Token domains and domain lists - AWS WAF, AWS Firewall Manager, and AWS Shield Advanced

Token domains and domain lists

When AWS WAF creates a token for a client, it configures it with a token domain. When AWS WAF inspects a token in a web request, it rejects the token as invalid if its domain doesn't match any of the domains that are considered valid for the web ACL.

By default, AWS WAF only accepts tokens whose domain setting exactly matches the host domain of the resource that's associated with the web ACL. This is the value of the Host header in the web request. In a browser, you can find this domain in the JavaScript window.location.hostname property and in the address that your user sees in their address bar.

You can specify token domains for AWS WAF to use when setting the domain and when evaluating a token in a web ACL. The domains that you specify can't be public suffixes such as usa.gov.

The web ACL token domain list

You can configure a web ACL to share tokens across multiple protected resources by providing a token domain list with the additional domains that you want AWS WAF to accept. With a token domain list, AWS WAF still accepts the resource's host domain. Additionally, it accepts all domains in the token domain list, including their prefixed subdomains.

For example, a domain specification example.com in your token domain list matches example.com (from http://example.com/), api.example.com, (from http://api.example.com/), and www.example.com (from http://www.example.com/). It doesn't match example.api.com, (from http://example.api.com/), or apiexample.com (from http://apiexample.com/).

You can configure the token domain list in your web ACL when you create or edit it. For general information about managing a web ACL, see Working with web ACLs.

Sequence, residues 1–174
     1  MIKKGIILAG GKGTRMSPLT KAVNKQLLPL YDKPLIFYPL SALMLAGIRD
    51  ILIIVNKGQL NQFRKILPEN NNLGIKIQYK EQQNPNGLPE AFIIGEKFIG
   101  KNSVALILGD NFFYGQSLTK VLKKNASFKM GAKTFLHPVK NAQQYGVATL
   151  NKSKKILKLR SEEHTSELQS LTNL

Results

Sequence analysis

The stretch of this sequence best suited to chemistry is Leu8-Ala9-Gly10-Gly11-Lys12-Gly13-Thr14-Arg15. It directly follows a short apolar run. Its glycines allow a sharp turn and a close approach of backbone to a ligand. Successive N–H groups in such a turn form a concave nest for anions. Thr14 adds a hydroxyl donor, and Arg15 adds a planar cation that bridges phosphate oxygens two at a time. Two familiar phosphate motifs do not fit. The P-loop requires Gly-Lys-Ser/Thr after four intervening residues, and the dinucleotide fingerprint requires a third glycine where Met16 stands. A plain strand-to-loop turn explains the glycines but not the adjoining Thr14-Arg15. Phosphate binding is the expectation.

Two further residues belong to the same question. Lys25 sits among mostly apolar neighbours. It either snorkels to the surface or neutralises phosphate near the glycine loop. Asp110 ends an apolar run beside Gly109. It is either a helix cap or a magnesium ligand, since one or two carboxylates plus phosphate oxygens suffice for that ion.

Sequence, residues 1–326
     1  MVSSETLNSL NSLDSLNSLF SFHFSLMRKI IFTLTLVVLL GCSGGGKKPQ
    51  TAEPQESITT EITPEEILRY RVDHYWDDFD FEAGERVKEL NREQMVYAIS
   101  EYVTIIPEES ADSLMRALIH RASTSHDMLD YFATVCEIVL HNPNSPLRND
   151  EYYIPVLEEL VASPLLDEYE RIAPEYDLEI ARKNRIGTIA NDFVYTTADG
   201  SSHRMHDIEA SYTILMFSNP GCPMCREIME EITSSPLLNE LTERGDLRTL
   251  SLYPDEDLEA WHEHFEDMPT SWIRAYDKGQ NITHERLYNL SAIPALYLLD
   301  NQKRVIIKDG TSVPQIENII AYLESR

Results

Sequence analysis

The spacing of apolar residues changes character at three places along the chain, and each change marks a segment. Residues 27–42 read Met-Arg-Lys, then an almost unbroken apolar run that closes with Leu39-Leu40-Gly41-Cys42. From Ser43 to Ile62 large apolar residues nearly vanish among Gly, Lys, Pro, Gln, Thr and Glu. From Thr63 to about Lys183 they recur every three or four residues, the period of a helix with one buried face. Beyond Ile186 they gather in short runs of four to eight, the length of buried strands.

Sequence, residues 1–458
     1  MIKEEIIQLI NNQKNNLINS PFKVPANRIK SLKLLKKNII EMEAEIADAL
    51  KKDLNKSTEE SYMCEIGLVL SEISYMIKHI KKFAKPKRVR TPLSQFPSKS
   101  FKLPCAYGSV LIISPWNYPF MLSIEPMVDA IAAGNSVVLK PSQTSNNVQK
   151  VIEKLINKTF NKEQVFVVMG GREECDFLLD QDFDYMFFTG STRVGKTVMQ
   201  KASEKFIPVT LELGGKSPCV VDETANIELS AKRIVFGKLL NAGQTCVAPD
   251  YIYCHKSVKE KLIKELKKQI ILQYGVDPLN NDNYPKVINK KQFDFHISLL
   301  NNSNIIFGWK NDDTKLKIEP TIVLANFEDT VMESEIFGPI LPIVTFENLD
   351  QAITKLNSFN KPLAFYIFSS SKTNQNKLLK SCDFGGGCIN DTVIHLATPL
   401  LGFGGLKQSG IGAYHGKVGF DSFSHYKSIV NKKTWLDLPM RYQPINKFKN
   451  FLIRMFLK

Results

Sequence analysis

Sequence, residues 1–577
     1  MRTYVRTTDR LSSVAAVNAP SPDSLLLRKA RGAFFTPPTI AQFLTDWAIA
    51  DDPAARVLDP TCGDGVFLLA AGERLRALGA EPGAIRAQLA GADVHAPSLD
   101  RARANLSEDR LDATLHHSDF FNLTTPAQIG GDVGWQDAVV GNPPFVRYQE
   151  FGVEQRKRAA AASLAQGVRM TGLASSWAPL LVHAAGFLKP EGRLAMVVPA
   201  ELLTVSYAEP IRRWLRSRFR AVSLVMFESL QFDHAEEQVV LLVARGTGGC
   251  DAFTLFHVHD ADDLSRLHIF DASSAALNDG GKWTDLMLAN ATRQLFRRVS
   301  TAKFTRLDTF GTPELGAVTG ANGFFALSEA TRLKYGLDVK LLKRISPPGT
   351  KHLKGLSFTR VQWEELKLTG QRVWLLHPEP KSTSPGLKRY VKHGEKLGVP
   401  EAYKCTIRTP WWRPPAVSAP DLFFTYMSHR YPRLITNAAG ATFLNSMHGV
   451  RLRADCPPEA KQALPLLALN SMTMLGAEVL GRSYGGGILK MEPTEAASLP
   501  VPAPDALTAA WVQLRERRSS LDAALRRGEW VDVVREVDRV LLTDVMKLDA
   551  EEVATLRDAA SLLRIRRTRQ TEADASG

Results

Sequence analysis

Controlling the domain setting in the token

AWS WAF creates tokens at the request of the challenge scripts, which are run by the application integration SDKs and the Challenge rule action.

The domain that AWS WAF sets in a token is determined by the type of challenge script that's requesting it and additional token domain configuration that you provide. AWS WAF sets the domain in the token to the shortest, most general setting that it can find in the configuration.

  • JavaScript SDK – You can configure the JavaScript SDK with a token domain specification, which can include one or more domains. The domains that you configure must be domains that AWS WAF will accept, based on the protected host domain and the web ACL's token domain list.

    AWS WAF sets the token domain to one that matches the host domain and is the shortest, from among the host domain and the domains in the list. For example, if the host domain is api.example.com and the token domain list has example.com, AWS WAF uses example.com in the token, because it matches the host domain and is shorter. If you don't provide a token domain list in the JavaScript SDK configuration, AWS WAF sets the domain to the host domain of the protected resource.

    For more information, see Providing domains for use in the tokens.

  • Mobile SDK – You must configure the mobile SDK with a token domain for AWS WAF to use in the token. The domain that you configure must be a domain that AWS WAF will accept, based on the protected host domain and the web ACL's token domain list. AWS WAF doesn't consider the host domain in the token domain setting for the mobile SDK.

    For more information, see the WAFConfiguration domainName setting at The AWS WAF mobile SDK specification.

  • Challenge action – If you specify a token domain list in the web ACL, AWS WAF sets the token domain to one that matches the host domain and is the shortest, from among the host domain and the domains in the list. For example, if the host domain is api.example.com and the token domain list has example.com, AWS WAF uses example.com in the token, because it matches the host domain and is shorter. If you don't provide a token domain list in the web ACL, AWS WAF sets the domain to the host domain of the protected resource.